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PH dependence of reduction of oxygen

  1. Jun 27, 2014 #1

    Qube

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    1. The problem statement, all variables and given/known data

    Why is this true?

    nc1vr.png

    Why is it that the reduction of oxygen is more favored in acidic solution rather than in basic solution?

    2. Relevant equations

    Acids are proton donors.

    3. The attempt at a solution

    Does this have anything to do with the fact that the reduction of oxygen is in part a protonation reaction? In other words, what I'm seeing is simply that protonation is more favored in acidic media than in basic media?
     
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  3. Jun 28, 2014 #2

    Qube

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    Anyone
     
  4. Jun 28, 2014 #3

    Borek

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    Exactly.

    Another (but equivalent) explanation will take Nernst equation into account. Just like kinetics depends on the concentration of species, potential is a function of concentrations as well.
     
  5. Jun 28, 2014 #4

    Qube

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    Sweet. Regarding the Nernst equation and how it predicts potential to decrease with increases in pH:

    Is the protonation of oxygen dependent on kinetic or thermodynamic factors? I'm guessing thermodynamic factors because in more basic medium, the thermodynamic potential for protonation decreases - i.e. the species in basic media are weaker acids than hydronium ion. In strongly basic solution the most viable acid is water, and that's not a particularly strong acid.

    Could kinetic factors also play a role?
     
  6. Jun 28, 2014 #5

    Borek

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    Nernst equation is about thermodynamic - it assumes equilibrium situation and fast reaction (which is more or less equivalent of doing the measurements with infinitely low current). When the reaction is slow observed potentials will vary from those predicted by the Nernst equation. That's where overpotentials come in - we have to increase the potential to speed up the reaction. That's why you will observe chlorine evolving from the solution of chlorides, even if potentials suggest oxygen should evolve first - oxygen is just pretty lazy and never reacts fast on electrodes :wink:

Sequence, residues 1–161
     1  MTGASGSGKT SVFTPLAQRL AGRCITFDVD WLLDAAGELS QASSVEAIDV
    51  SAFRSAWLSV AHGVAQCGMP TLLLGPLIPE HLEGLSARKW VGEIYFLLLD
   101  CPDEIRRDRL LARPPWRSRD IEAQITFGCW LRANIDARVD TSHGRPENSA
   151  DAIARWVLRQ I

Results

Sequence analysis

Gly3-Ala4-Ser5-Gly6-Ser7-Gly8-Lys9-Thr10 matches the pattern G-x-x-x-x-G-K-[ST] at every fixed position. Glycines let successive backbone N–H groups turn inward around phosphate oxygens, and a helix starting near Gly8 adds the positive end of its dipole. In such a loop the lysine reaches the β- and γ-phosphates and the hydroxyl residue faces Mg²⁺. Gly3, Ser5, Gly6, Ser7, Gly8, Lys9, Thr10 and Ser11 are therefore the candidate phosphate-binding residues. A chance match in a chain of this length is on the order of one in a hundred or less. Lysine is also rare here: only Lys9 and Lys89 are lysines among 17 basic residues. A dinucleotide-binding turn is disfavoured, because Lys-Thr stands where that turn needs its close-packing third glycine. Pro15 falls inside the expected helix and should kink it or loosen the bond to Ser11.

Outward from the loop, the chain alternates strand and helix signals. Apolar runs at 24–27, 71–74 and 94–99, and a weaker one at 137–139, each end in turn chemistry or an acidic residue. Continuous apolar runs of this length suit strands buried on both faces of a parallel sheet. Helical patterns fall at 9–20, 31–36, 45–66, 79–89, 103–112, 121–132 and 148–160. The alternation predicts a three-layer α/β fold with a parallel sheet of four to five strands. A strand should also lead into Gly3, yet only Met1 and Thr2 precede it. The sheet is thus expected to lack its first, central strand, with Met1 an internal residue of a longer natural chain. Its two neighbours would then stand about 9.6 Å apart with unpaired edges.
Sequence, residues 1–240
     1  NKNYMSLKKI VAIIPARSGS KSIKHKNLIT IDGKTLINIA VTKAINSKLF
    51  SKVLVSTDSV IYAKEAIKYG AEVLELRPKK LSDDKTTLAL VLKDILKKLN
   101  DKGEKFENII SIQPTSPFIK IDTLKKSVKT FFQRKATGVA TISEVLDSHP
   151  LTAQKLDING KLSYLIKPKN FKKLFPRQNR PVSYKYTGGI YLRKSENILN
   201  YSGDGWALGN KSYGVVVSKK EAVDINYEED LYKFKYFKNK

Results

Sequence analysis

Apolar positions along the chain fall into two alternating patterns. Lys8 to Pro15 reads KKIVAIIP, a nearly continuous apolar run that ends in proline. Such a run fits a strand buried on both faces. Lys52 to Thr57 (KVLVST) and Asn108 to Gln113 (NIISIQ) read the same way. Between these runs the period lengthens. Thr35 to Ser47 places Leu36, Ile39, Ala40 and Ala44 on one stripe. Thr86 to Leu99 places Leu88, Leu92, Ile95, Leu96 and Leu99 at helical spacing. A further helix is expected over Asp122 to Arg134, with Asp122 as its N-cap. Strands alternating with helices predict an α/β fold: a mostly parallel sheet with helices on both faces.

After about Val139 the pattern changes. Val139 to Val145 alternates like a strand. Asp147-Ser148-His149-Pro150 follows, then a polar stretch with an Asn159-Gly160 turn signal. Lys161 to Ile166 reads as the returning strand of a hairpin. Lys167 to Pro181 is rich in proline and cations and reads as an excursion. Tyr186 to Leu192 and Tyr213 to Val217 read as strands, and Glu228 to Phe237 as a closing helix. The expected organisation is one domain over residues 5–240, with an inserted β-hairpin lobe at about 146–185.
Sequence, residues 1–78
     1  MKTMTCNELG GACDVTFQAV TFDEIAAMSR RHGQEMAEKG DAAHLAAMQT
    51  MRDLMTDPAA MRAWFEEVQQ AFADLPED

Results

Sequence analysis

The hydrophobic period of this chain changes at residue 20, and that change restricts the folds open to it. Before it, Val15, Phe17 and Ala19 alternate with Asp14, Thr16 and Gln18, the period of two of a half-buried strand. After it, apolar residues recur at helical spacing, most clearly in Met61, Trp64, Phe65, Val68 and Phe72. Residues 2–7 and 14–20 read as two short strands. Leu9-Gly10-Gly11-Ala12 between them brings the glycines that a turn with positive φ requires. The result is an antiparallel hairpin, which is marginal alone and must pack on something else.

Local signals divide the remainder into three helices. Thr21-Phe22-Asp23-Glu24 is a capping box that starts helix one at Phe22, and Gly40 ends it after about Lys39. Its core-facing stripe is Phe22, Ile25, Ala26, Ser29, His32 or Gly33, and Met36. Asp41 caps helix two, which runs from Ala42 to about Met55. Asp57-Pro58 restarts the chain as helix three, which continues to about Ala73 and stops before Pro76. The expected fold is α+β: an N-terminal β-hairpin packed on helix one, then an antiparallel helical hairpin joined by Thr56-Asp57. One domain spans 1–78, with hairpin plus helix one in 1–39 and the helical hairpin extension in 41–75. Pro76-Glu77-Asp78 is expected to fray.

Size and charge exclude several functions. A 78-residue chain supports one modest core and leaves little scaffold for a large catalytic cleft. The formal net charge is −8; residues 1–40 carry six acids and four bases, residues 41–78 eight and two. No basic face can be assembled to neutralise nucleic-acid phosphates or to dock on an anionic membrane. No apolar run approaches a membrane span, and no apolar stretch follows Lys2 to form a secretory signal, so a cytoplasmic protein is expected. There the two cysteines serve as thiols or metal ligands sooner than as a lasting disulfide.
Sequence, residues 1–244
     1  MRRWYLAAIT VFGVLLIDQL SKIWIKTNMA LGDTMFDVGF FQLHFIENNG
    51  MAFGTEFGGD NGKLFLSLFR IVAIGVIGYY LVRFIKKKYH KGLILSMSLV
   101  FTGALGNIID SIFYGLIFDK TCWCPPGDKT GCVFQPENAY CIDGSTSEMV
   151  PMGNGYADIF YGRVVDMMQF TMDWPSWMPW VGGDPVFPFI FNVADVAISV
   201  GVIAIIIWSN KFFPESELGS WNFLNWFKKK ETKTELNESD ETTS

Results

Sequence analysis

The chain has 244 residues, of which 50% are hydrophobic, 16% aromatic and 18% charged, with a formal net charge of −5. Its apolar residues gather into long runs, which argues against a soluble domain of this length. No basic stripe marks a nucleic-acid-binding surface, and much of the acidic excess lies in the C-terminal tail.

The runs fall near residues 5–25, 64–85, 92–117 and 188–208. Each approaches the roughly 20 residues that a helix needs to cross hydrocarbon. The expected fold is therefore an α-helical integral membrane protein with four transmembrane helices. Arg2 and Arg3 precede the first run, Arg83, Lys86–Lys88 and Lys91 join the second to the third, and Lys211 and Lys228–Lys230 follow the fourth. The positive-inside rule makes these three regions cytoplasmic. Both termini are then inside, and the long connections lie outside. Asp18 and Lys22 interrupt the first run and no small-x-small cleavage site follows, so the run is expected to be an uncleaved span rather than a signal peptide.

7. Jun 29, 2014 #6

    Qube

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    Cool. So why does the potential decrease relative to the standard hydrogen electrode as the pH goes up for the oxidation of hydrogen protons? I'm guessing that it's easier taking hydrogen from hydronium ion in acidic solution than it is taking hydrogen from water in basic solution, since hydronium ion is less stable than water?
     
  8. Jun 30, 2014 #7

    Borek

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    They are not "easier to remove" - there are just more of them, so if anything, they are "easily available".
     
  9. Jun 30, 2014 #8

    Qube

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    Why not just take protons from water then? There are 50 plus moles of water even in most acidic solutions ... Excluding things like 18 M sulfuric acid.
     
  10. Jun 30, 2014 #9

    Borek

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    There is a difference between proton in a water molecule and proton in hydronium cation. The latter is much easier to remove.

    Note that because of water autodissociation hydronium is always present in the solution, just its concentration changes.
     
  11. Jun 30, 2014 #10

    Qube

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    Why much easier? Isn't it the same HO bond?
     
  12. Jun 30, 2014 #11

    Borek

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    No, its not the same. Besides, in the case of water you get an anion and a cation (so they attract) in the case of hydronium you get a cation and a neutral water molecule (so the attraction is between a charge and a dipole, and is orders of magnitude weaker).
     
  13. Jun 30, 2014 #12

    Qube

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    Gotcha. Does this have to do with the Ka values of hydronium ion and water?
     
  14. Jun 30, 2014 #13

    Borek

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    All these things are related in some way.
     
  15. Jun 30, 2014 #14

    Qube

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    So if I'm understanding you correctly the reduction of H+ in water solution to hydrogen gas is dependent on the availability of protons. It is easier to take a positive charge from a positively charged molecule rather than a positive charge from a neutral molecule, so the reduction of H+ in acidic solution is easier than the reduction of H+ in neutral solution, in which the main source of H+ will be water. And this is closely related to Ka values because Ka is a measure of the tendency of an acid to lose a proton to a base in water solution.
     
  16. Jul 1, 2014 #15

    Borek

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    Yes.
     
  17. Jul 1, 2014 #16

    Qube

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    Isn't the activity of the proton higher in acidic solution than in basic solution?
     
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